It's not just silly slapstick though.  There's plenty of crackling wit, maudlin philosophising and sheer theatrical anarchy in there too.  The action is set in Ireland, June 1922, and the Ulster Boundary Commission has drawn the new border right through the little town of Puckoon.  The graveyard has been sliced in half and the locals left huddled in the corner of a pub, where the drink is now 30% cheaper.  A stand-off develops in the graveyard, where deceased inhabitants now require an Irish passport, renewed annually, for the duration of their stay.

The central figure, around whom the craziness revolves, is feckless layabout Dan Milligan (Jack Walsh).  He's accompanied by a bewildering range of small-town characters – including Dr Sean Goldstein, Mrs O'Toole, Sergeant MacGillikudie, Blind George, Croucher and Murphy, whose gormless face is 'a replica of the King Edward potatoes he grows'.  All characters are brought to life by the 6-strong cast, who throw hats, shirts, overcoats and even facial expressions (from dopey to cunning) on and off at lightning speed as they shift between personas.  There's scant regard for political correctness, especially when it comes to the trainee Chinese policeman (best not ask).

Part of the delirious chaos stems from the fact that this is a play which refuses to behave itself and just be a play.  Just as in Milligan's novel, the narrator – known here as The Writer - occasionally abandons his authorial role to engage in discussion with Dan about the state of his legs, which Dan claims haven't been written very well.  He'd be happier with a better-scripted pair.  This is carried off with such great humour that it doesn't come across as self-consciously knowing or clever-clever.  What really adds another dimension to ‘Puckoon’, though, is the music.  Again showing enormous versatility, the actors also turn out to be dab hands at the ukelele, flute, tin whistle, accordion, harmonica and drums – sometimes simultaneously.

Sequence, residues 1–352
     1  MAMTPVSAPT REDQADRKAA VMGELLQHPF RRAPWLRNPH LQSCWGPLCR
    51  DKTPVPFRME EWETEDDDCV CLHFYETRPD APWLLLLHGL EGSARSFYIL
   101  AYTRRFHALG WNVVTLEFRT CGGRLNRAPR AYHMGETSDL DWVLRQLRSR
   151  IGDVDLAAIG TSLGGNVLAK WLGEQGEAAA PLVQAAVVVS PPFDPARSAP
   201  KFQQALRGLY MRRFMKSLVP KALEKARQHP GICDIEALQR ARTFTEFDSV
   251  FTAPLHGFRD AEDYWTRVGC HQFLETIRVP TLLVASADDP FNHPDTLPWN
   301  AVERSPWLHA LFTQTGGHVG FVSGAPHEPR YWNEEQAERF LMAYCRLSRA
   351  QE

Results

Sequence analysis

At the piano, Paul Boyd (aka The Writer), in an outsized, floppy wine-coloured bow-tie, holds it all together – just about.  He struggles manfully to keep the play afloat, at one point sighing, 'you don't get this at the Lighthouse Family' [who were playing next door, Ed.]  An observation which gets a roar of laughter from the audience.  Somewhere towards the end, Dan Milligan asks, 'what's this play all about anyway, with all these people coming and going?'  There is no answer to that question, but you're laughing so much that you don't care"



"It took the satirical genius of Spike Milligan to identify the hugely comic possibilities lurking beneath the surface of the 1924 Border Commission’s machinations to draw a frontier between Britain (in the shape of Northern Ireland) and what was then known as the Irish Free State.

Vincent Higgins, Zoe Seaton, Paul Boyd and the company have clearly had a rare old time in adapting Milligan’s internationally successful novel into a rip-roaring piece of physical theatre which is hugely entertaining. In the role of the confused writer, Boyd provides the on-stage compass, supplying ad hoc music and script for the haphazard journey of old Dan Milligan (Jack Quinn), whose cycling exploits along the border are the cause of many an unforeseen disaster.

The other four actor/musicians rarely leave the black box of a stage, zipping between costumes and characters like men possessed. Conleth White’s clever lighting is an integral part of a glossy production which looks great, even when outrageous events threaten to get in the way"



"When director Zoe Seaton and musical maestro Paul Boyd get together, something a little crazy often results.  Their collective gaze has fallen enthusiastically on the madcap genius of Spike Milligan, comedian, writer, musician, playwright, poet and Goon. His best-selling novel ‘Puckoon’ has already been adapted into a film; now Seaton, Boyd and Vincent Higgins have turned it into a fast-moving, Pythonesque piece of theatre.

In the role of writer, Boyd spearheads proceedings, scripting the whimsical wanderings of old Dan Milligan (Jack Quinn) along the Border on a rickety bicycle. The problem for the people of Puckoon is that, late on a Friday evening in the pub, their little patch of Ireland was divided, when the dreaded commissioners’ pencil was pushed and shoved down the centre of the village.

Now the erection of Border posts and barbed wire means even funerals cannot be held without passports being produced, a situation that deteriorates from farce to slapstick to total chaos. The six actors switch roles and costumes at dizzying speed and with relish for the task.  Milligan’s vision is an oddball entertainment"